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  • Fear the future    May 13 
How Google results could rig an election
Mark Wilson/Getty Images
Mark Wilson/Getty Images

Rick Santorum has a Santorum problem, in that the top Google results when you search his name are not about the man himself, but rather about a dirty sexual neologism. The problem was so worrisome that Santorum even asked Google to nix those gross results so voters seeking information on his 2012 presidential campaign would find it instead of icky sex stuff.

So was his concern legit? Perhaps so, according to a study based on India's election that found search results can indeed sway voters.

The study showed 2,000 undecided voters search results about the election, with the links rigged to spotlight or suppress favorable information about particular candidates. The study's big finding: Participants showed an average 12.5 percent shift toward the candidates who received deliberately-glowing search traffic.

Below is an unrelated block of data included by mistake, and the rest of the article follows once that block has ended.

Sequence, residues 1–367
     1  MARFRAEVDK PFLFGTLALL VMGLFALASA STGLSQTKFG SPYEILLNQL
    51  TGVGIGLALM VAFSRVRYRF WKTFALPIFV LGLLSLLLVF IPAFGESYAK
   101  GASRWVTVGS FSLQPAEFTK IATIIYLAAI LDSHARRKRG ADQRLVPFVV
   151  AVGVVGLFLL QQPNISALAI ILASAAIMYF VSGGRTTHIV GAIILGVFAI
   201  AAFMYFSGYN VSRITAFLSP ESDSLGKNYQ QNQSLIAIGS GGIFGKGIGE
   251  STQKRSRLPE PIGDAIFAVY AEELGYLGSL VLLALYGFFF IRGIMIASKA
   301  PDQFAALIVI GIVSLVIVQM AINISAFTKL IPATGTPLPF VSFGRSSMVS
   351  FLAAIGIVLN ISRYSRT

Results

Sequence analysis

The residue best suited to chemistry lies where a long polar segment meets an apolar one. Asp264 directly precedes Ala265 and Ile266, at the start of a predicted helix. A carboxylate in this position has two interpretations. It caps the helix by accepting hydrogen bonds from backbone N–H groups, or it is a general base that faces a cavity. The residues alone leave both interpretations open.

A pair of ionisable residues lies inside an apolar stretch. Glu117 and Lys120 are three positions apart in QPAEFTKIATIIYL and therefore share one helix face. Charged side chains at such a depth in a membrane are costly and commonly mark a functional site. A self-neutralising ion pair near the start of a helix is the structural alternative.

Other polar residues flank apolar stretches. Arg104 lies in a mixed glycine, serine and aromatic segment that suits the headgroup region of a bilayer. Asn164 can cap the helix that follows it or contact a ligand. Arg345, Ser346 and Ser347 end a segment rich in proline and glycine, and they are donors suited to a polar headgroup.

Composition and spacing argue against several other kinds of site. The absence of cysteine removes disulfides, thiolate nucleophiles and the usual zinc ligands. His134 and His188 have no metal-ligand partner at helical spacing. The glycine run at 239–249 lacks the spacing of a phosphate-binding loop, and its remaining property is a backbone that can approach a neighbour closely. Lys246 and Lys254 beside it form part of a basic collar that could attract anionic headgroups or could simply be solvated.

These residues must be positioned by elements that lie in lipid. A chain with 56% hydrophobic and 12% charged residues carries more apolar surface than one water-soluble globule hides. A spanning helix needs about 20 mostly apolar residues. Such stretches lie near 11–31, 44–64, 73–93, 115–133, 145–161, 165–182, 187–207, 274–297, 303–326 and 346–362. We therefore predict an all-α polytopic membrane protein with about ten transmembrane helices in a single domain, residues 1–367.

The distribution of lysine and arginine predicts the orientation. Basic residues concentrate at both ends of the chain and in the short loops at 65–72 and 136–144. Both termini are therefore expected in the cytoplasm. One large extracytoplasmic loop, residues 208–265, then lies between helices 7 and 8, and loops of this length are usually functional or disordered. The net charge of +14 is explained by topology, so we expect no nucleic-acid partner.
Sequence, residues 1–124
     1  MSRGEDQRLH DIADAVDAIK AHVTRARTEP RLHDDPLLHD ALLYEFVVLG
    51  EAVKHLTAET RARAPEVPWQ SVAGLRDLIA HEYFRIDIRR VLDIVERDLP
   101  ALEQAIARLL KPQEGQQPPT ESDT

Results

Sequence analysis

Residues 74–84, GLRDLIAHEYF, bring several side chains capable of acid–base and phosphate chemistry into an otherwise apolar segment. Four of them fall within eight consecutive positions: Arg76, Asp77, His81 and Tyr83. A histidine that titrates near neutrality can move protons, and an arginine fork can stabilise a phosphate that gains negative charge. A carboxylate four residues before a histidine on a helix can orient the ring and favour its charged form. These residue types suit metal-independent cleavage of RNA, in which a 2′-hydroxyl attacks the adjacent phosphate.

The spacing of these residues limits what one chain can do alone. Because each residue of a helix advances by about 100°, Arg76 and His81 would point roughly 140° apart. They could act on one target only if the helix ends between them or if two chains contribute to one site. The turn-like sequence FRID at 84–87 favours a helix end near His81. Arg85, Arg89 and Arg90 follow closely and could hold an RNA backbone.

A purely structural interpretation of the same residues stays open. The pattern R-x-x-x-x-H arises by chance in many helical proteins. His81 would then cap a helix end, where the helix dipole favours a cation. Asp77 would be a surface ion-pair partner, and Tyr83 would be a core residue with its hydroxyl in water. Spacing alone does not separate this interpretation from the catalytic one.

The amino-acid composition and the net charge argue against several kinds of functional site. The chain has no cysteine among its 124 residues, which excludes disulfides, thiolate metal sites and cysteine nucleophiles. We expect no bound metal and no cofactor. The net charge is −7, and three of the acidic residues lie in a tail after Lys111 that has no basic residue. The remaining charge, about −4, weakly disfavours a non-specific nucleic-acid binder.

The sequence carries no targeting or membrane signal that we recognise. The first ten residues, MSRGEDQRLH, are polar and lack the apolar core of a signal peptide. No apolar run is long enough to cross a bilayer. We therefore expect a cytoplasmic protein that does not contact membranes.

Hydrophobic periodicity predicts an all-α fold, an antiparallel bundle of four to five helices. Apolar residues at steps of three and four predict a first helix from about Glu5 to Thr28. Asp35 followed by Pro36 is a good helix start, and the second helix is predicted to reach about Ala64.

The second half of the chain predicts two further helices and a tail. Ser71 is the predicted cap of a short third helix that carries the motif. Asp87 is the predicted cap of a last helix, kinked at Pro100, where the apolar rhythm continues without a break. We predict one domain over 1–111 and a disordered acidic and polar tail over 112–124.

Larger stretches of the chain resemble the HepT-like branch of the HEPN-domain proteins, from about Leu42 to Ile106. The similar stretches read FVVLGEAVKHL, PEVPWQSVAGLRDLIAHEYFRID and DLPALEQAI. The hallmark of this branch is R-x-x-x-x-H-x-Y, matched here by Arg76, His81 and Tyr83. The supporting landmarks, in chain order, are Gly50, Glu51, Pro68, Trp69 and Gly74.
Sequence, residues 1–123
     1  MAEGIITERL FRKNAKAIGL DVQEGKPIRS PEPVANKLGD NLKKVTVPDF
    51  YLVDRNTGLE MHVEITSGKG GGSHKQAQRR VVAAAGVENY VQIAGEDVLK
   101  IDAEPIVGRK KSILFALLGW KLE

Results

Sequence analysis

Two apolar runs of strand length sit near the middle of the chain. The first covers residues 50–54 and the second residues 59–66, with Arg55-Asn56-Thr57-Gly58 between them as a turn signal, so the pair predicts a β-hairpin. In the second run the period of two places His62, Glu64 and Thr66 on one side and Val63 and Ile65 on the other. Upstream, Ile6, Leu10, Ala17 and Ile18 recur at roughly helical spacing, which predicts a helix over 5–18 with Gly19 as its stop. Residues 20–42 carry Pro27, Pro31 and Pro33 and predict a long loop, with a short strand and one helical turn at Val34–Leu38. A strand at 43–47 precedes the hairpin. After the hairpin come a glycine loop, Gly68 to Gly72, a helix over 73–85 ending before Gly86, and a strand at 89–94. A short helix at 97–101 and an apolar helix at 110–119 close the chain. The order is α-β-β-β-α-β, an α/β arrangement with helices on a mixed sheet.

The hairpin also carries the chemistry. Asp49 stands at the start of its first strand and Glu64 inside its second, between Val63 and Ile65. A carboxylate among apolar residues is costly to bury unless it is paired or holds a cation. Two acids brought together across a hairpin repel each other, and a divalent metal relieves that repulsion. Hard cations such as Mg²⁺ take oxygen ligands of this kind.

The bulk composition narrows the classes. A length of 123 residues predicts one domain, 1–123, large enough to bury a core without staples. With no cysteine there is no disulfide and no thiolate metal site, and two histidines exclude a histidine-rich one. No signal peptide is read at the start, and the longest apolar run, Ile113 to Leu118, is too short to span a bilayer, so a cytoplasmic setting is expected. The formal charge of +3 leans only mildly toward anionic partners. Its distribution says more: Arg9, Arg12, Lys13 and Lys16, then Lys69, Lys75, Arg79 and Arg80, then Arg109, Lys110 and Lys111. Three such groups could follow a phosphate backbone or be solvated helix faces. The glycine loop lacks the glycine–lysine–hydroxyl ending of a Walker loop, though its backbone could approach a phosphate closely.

Now, that result should come with a couple of big caveats. Though the algorithms Google and others use aren't public, there is no indication search engines in the real world game their results to influence elections. And further, voters have access to far more sources of information than just search engines, so the role search results play in influencing opinion are likely not as dramatic as the study's controlled scenario would indicate.

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